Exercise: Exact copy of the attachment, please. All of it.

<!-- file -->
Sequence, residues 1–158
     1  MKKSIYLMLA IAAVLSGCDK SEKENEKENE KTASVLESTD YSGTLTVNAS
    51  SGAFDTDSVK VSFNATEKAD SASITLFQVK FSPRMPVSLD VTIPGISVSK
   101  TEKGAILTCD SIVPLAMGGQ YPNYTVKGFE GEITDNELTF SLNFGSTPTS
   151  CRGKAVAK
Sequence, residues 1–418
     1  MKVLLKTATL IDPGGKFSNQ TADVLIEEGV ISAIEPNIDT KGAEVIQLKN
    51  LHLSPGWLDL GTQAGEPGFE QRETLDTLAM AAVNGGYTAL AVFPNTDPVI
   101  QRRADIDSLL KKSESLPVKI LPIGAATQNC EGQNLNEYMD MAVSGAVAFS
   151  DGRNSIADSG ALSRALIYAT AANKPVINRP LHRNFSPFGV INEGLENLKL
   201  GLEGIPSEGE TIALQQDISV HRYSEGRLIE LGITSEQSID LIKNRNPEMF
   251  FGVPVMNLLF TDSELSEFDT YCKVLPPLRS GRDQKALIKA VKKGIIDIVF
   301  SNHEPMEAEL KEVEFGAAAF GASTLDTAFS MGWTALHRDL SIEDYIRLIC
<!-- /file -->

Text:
Sequence, residues 1–158
     1  MKKSIYLMLA IAAVLSGCDK SEKENEKENE KTASVLESTD YSGTLTVNAS
    51  SGAFDTDSVK VSFNATEKAD SASITLFQVK FSPRMPVSLD VTIPGISVSK
   101  TEKGAILTCD SIVPLAMGGQ YPNYTVKGFE GEITDNELTF SLNFGSTPTS
   151  CRGKAVAK
Sequence, residues 1–418
     1  MKVLLKTATL IDPGGKFSNQ TADVLIEEGV ISAIEPNIDT KGAEVIQLKN
    51  LHLSPGWLDL GTQAGEPGFE QRETLDTLAM AAVNGGYTAL AVFPNTDPVI
   101  QRRADIDSLL KKSESLPVKI LPIGAATQNC EGQNLNEYMD MAVSGAVAFS
   151  DGRNSIADSG ALSRALIYAT AANKPVINRP LHRNFSPFGV INEGLENLKL
   201  GLEGIPSEGE TIALQQDISV HRYSEGRLIE LGITSEQSID LIKNRNPEMF
   251  FGVPVMNLLF TDSELSEFDT YCKVLPPLRS GRDQKALIKA VKKGIIDIVF
   301  SNHEPMEAEL KEVEFGAAAF GASTLDTAFS MGWTALHRDL SIEDYIRLIC